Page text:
Prepare and Planning


PHASE 1: PLANNING:   Before a Severe Weather Watch or any Alert or Warning has been issued for your area.

Download and print or view ( can be found under downloads, won’t automatically open) our Pet Preparedness Guide which includes the information you need to be ready. It includes a checklist for pet emergency and first aid kits: Pet Preparedness Brochure:

Amazing resource from Red

Tips from Government of Canada Website:

Don’t forget to prepare for you as well! Here is a link for 72 hr preparedness:

Resources for people, pets and livestock from Government of Alberta:

Having a First Aid Kit is also essential for humans and pets,  here is a list of common items that are useful.  Make sure to include any specific medications your pet may need as well. It is always good to have a pet carrier in a easy to grab spot.

Animal Kit:

  • Identification ( Tags, Microchip and Tattoo info)
  • Paperwork for your pet (in a waterproof container or bag): proof of rabies-vaccination status, copies of other important medical records and a current photo of your pet (in case he gets lost or for verification when picking up from a reception shelter)
  • Leash/ Collars/ Carriers/ Cages
  • Food, Water, Can Opener (if wet food)  (enough for a week or at minimum 3 days until you are somewhere safe to acquire more)
  • Litter/ Poop Bags / Shavings (small animals)
  • Treats/ Blankets/ Toys
  • Medications
  • Pet first-aid book and kit
  • Phone numbers: your veterinarian, the nearest emergency-veterinary clinic (along with directions!)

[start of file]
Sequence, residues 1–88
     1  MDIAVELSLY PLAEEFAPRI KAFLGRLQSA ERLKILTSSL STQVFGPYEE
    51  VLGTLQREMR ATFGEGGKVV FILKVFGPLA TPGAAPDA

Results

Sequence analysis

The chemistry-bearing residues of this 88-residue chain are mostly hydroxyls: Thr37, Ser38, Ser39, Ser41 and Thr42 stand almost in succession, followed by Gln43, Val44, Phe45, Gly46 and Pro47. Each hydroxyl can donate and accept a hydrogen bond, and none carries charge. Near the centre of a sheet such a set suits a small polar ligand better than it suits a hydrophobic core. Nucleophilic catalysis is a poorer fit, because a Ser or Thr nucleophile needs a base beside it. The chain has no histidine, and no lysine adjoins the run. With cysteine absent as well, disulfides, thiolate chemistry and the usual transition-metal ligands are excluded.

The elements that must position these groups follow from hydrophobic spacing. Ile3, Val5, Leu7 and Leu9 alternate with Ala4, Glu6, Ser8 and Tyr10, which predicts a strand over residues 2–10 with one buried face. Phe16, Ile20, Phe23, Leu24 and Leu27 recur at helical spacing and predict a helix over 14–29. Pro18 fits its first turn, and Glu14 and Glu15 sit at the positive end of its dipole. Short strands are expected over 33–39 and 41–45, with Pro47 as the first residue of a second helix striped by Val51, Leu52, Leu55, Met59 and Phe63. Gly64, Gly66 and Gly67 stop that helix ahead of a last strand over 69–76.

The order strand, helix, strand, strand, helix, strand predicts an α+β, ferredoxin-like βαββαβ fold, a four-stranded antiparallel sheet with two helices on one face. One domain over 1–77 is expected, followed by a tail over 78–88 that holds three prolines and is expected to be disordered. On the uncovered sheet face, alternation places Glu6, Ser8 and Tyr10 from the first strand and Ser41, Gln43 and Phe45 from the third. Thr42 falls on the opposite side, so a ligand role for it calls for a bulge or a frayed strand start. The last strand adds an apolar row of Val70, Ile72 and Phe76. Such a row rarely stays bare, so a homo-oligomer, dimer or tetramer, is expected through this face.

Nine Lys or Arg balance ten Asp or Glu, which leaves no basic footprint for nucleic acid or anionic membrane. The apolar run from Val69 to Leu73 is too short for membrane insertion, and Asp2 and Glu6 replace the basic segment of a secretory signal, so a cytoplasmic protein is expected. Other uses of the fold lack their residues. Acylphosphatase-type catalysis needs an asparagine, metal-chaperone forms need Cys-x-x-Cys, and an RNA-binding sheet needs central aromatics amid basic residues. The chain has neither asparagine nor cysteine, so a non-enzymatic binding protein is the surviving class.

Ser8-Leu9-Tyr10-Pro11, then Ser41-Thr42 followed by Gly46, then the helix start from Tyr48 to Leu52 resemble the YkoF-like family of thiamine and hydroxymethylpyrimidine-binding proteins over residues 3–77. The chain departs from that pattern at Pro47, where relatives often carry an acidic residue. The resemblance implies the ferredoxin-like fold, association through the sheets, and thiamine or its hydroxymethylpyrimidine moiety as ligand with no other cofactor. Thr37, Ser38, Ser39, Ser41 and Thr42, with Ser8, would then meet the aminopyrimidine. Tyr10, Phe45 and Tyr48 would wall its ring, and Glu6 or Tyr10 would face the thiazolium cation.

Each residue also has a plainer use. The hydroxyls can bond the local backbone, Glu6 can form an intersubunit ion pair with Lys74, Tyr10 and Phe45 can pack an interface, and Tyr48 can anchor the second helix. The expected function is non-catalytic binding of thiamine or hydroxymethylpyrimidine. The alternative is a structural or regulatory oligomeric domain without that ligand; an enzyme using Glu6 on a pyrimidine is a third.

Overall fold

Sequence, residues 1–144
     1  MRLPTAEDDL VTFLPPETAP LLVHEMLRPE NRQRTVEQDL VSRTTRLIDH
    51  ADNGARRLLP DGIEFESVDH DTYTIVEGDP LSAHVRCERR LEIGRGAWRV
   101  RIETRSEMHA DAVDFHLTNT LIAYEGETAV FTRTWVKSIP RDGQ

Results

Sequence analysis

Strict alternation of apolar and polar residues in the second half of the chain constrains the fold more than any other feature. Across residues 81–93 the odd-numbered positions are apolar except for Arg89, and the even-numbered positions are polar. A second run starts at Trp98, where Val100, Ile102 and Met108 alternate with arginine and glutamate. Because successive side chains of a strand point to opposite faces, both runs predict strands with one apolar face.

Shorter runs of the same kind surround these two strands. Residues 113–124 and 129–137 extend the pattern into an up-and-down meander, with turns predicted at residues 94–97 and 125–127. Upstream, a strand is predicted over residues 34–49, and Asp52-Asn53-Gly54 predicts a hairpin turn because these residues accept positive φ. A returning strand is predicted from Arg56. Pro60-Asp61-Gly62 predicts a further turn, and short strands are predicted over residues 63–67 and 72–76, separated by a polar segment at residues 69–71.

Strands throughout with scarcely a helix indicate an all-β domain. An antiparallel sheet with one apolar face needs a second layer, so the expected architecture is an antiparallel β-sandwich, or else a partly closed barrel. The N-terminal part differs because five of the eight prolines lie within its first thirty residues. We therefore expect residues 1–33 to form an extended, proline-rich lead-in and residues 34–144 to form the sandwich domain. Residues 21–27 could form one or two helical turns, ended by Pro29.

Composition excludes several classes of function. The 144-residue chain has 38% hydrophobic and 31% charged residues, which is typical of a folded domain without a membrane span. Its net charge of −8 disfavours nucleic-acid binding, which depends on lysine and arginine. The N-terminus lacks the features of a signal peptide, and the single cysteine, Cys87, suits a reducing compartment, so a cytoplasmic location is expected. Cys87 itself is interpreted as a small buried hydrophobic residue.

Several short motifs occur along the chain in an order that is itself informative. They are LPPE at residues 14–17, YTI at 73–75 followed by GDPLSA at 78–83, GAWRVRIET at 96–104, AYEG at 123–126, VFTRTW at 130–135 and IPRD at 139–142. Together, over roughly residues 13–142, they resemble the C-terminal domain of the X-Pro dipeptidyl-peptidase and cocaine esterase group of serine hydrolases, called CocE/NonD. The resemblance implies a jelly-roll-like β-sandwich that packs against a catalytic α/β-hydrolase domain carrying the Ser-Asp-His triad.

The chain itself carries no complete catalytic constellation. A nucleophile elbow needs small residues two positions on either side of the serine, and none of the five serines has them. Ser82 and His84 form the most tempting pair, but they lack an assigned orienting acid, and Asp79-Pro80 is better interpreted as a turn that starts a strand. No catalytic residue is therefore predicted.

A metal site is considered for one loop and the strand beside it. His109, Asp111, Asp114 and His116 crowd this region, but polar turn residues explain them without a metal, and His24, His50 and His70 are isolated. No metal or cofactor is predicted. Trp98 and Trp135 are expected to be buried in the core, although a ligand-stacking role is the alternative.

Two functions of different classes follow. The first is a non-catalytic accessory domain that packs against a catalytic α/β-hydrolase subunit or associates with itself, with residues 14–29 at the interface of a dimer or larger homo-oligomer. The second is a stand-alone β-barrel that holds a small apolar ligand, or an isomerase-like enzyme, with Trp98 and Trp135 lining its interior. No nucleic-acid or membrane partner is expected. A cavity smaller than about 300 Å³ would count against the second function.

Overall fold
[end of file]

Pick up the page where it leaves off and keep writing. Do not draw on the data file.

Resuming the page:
• Muzzle or strips of cloth to prevent biting (don’t use this if your pet is vomiting, choking, coughing or otherwise having difficulty breathing)

Medical Supplies: Pet First Aid Kit  (we sell and can ship in Canada, click link to order now )

  • Self-cling bandage/ Vet Wrap (bandage that stretches and sticks to itself but not to fur—available at pet stores and from pet-supply catalogs
  • Antiseptic wipes, lotion, powder or spray
  • Blanket (a foil emergency blanket)
  • Cotton balls or swabs
  • Gauze rolls/Sterile non-stick gauze pads for bandages
  • Hydrogen peroxide (to induce vomiting—do this only when directed by a veterinarian or a poison-control expert)
  • Ice pack
  • Oral syringe or turkey baster
  • Disposable gloves
  • Petroleum jelly (to lubricate the thermometer)
  • Thermometer (your pet’s temperature should not rise above 103°F or fall below 100°F)
  • Scissors (with blunt ends)
  • Sterile saline solution
  • Tweezers
  • Splints and tongue depressors
  • Styptic powder or pencil (sold at veterinary hospitals, pet-supply stores, and your local pharmacy)


  • Diphenhydramine (Benadryl®), if approved by a veterinarian for allergic reactions, make sure to consult vet for dosage
  • Low Dose Asprin/Metacam, if approved by a veterinarian for allergic reactions, make sure to consult vet for dosage
  • Expired credit or rewards card to scrape away insect stingers
  • Glucose paste or corn syrup (for diabetic dogs or those with low blood sugar)
  • Nail clippers
  • Penlight or flashlight
  • Towels
  • Needle-nosed pliers